This is a very interesting time. As I write, U.S. Secretary of State Hilary Clinton is visiting Burma (Myanmar). She is the first U.S. Secretary of State to visit since 1955. It’s opens a whole new world of dialogue with this rogue nation and invites many questions. Overall, I applaud this trip as realistic foreign policy, but I’m cautious about our role.
Tag Archives | myanmar
A year-and-a-half ago, I went into the Myanmar (Burma) Embassy in Washington, D.C., to meet with the acting ambassador. It wasn’t clear what I was going to accomplish–if anything–but I knew the enemy of the persecuted Karen people had a facility on American soil. I got an appointment and we met. It was a wonderful meeting with the ambassador–more than I could have expected. I left not accomplishing anything, but building a friendship. We kept in touch and in my follow up email to him, I told him that I would be praying for him and his country. We said he appreciated my prayers (which was surprising from a diplomat of a deeply Buddhist country). And I did pray for him.
We’ll get back to this momentarily.
The last two days, I’ve been in Minnesota and helped host Dave and Karen Eubank and their family. Dave and Karen founded the Free Burma Ranges to bring relief and love to the people of Burma. My home church, First Baptist Church in Worthington, MN, is now home to at least 100 Karen families–many of which were assisted by Free Burma Rangers or admired the organization. I couldn’t forgo the opportunity to have the Eubanks speak to the church and Karen congregation. Continue Reading →
Tuesday, July 19, 2011
7:30 – 9:00 p.m.
First Baptist Church of Worthington
If you will be in or near Worthington, Minnesota, on Tuesday, July 19, we are hosting "Relief for Burma: An Evening with Dave Eubank of the Free Burma Rangers." Join us and friends from the Karen community for a wonderful and inspiring evening with Dave Eubank and the Free Burma Rangers..
In 1997, a former Army Ranger and ordained pastor started the Free Burma Rangers in response to a particularly ruthless Army offensive against the Karen people. Join us for an evening with Dave Eubank, founder and leader of Free Burma Rangers (FBR), as he reports on the relief effort for the people of Burma. Free Burma Rangers strives to bring hope and love to people inside Burma's war zones. Since its inception, Free Burma Ranger teams have treated over 360,000 patients and helped over 750,000 people.
The Free Burma Rangers is a multi-ethnic humanitarian service movement. They bring help, hope and love to people in the war zones of Burma. Ethnic pro-democracy groups send teams to FBR to be trained, supplied and sent into the areas under attack to provide emergency medical care, shelter, food, clothing and human rights documentation. The teams also operate a communication and information network inside Burma that provides real time information from areas under attack.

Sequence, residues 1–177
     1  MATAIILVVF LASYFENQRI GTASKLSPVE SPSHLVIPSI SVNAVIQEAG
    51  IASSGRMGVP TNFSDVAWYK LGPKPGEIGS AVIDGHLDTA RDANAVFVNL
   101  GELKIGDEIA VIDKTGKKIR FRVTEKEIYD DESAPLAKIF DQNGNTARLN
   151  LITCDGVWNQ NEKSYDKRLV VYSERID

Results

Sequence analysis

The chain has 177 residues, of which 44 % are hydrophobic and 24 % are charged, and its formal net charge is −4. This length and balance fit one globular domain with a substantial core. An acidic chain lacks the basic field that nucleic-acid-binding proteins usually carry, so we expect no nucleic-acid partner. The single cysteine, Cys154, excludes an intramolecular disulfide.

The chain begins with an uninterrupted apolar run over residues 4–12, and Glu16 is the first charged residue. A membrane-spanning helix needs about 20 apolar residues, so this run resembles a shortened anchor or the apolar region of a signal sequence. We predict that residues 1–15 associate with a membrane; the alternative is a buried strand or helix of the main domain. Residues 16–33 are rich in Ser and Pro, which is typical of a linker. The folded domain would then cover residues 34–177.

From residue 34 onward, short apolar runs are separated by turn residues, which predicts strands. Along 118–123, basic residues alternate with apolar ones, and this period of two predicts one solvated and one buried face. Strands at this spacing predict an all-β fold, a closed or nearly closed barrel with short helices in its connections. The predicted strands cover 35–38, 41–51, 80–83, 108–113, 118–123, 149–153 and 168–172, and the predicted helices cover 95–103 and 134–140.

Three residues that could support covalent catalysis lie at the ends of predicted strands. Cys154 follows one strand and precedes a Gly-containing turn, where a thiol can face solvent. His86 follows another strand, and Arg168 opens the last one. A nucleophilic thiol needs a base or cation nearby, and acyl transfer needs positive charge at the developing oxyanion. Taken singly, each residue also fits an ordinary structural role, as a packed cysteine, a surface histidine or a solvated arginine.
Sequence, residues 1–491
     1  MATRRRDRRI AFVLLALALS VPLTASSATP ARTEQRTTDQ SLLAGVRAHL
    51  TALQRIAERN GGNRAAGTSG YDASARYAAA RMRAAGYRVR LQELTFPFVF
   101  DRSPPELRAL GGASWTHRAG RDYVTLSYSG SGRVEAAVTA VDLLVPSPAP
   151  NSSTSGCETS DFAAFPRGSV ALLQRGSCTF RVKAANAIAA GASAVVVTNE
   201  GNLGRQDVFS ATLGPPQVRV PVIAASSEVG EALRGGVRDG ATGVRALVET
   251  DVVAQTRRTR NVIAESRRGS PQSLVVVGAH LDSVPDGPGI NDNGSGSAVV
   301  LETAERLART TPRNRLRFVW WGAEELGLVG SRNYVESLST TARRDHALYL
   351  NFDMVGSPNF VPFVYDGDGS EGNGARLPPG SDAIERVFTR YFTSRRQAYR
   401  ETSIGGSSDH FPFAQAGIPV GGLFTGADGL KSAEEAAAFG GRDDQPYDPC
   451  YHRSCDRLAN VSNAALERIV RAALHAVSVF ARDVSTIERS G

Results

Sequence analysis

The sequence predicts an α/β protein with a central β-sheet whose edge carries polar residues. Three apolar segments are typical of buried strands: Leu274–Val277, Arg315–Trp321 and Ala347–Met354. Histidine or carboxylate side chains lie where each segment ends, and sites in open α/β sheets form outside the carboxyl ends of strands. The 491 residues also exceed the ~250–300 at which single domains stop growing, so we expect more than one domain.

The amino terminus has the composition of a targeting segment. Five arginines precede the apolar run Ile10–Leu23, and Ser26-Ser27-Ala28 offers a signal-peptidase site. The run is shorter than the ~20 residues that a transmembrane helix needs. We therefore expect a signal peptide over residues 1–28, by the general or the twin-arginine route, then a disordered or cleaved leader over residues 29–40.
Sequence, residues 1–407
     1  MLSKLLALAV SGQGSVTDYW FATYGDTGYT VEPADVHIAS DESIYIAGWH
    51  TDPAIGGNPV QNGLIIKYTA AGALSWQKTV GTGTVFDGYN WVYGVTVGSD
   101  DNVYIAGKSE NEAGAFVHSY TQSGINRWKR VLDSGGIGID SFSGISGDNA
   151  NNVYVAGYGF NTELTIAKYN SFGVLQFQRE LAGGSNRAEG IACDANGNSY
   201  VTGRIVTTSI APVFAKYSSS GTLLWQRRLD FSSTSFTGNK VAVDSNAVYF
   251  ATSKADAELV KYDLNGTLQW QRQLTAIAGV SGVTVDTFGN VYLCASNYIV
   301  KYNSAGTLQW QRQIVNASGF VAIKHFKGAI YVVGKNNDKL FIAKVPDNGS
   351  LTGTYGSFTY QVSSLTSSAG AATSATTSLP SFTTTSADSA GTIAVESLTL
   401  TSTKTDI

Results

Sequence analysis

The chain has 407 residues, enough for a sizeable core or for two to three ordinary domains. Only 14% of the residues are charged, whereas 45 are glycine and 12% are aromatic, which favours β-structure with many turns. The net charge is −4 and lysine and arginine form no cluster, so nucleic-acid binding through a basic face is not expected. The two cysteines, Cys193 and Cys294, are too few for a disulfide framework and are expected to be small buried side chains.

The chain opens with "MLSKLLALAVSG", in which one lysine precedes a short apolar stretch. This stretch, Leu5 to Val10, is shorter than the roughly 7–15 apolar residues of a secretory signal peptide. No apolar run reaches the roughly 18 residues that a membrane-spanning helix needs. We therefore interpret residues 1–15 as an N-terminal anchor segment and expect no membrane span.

Learn more about the event and the Free Burma Rangers on the "Relief for Burma" event page.
Long after dark on our March visit to Mae La Refugee Camp along the Thai-Burma border, we were preparing for bed after a full day. Suddenly and dramatically, we heard the loudest hallelujah chorus billowing up from under our feet. Our Karen friends were singing at the top of their lungs as they practiced the chorus for graduation. We ran down to experience it.
The chorus was beautiful and moving knowing that they live in the camp and cannot return to their homeland. Reverend Dr. Simon, pastor of the Bible school in the camp, penned this moving testimony in 2000:
Our Living Testimony
They call us a displaced people, but praise God we are not misplaced. They say they see no hope for our future, but praise God; our future is as bright as the promises of God. They say they see the life of our people as a misery, but praise God, our life is a mystery. For what they say is what they see, and what they see is temporal. But ours is the eternal. All because we put ourselves in the hands of the God we trust.
If you ever get the chance to visit Mae La Camp, I recommend it. The people there are incredible and their stories are moving. One day alone is worth the trip across the pacific. Enjoy the video below and congratulations to the graduates!
The epicenter of the earthquake that just struck Burma (Myanmar) lies almost directly where I would cross the border to visit Faifah, the orphange, and others.
On one of my first trips to Tachilek, Burma, in 2007, I stayed on the top floor of a tall hotel. It was a good hotel in Tachilek but, by no means, a nice hotel. I stayed on the top floor because it had the cheapest room rate. I can't recall the number, but it was only a couple dollars. My bed was a simple mat on the floor. The walls were paper thin and I could hear the people in the next room speaking in a strange language. Remarkably, there was a TV, but it only received bizarre channels from southern China. The door was a sliding door–like you might have out to your deck–there wasn't really a lock. Needless to say, I didn't sleep well.
Just when I was about to fall asleep, a rumble started drawing. The building shook and began to sway. I jumped to my feet and lunged toward the door. Earthquake! Only a small one, but the first I had EVER felt (even after living in California for 3 years). The rest of my night was ever more uneasy.
From personal testimony, I can tell you that I would not want to be in that hotel when this earthquake struck. I'm not sure much, if anything, is built to any kind of earthquake code in Tachilek.
As of this post, it sounds like 75 are known to have died in the quake and 111 injured. My thoughts and prayers go out to the people there, Particularly my good friend, Faifah, who I hope is safe.